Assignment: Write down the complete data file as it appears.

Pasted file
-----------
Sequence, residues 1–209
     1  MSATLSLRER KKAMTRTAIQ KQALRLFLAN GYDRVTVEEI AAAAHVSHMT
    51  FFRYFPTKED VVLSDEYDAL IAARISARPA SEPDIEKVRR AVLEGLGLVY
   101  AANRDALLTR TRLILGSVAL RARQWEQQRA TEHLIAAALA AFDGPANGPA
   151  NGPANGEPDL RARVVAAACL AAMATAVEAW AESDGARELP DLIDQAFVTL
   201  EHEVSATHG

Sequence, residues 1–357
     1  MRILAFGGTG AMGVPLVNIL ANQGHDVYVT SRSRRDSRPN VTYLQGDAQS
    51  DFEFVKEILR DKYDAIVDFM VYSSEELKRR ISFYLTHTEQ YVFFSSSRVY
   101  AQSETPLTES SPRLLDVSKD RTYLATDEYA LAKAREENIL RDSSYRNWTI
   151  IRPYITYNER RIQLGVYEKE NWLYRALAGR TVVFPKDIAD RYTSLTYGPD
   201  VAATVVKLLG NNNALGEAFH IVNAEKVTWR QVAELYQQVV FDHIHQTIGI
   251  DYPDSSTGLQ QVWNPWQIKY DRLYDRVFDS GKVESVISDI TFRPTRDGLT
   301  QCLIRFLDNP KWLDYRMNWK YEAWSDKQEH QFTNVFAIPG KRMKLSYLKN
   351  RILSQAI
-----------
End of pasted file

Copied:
Sequence, residues 1–209
     1  MSATLSLRER KKAMTRTAIQ KQALRLFLAN GYDRVTVEEI AAAAHVSHMT
    51  FFRYFPTKED VVLSDEYDAL IAARISARPA SEPDIEKVRR AVLEGLGLVY
   101  AANRDALLTR TRLILGSVAL RARQWEQQRA TEHLIAAALA AFDGPANGPA
   151  NGPANGEPDL RARVVAAACL AAMATAVEAW AESDGARELP DLIDQAFVTL
   201  EHEVSATHG

Sequence, residues 1–357
     1  MRILAFGGTG AMGVPLVNIL ANQGHDVYVT SRSRRDSRPN VTYLQGDAQS
    51  DFEFVKEILR DKYDAIVDFM VYSSEELKRR ISFYLTHTEQ YVFFSSSRVY
   101  AQSETPLTES SPRLLDVSKD RTYLATDEYA LAKAREENIL RDSSYRNWTI
   151  IRPYITYNER RIQLGVYEKE NWLYRALAGR TVVFPKDIAD RYTSLTYGPD
   201  VAATVVKLLG NNNALGEAFH IVNAEKVTWR QVAELYQQVV FDHIHQTIGI
   251  DYPDSSTGLQ QVWNPWQIKY DRLYDRVFDS GKVESVISDI TFRPTRDGLT
   301  QCLIRFLDNP KWLDYRMNWK YEAWSDKQEH QFTNVFAIPG KRMKLSYLKN
   351  RILSQAI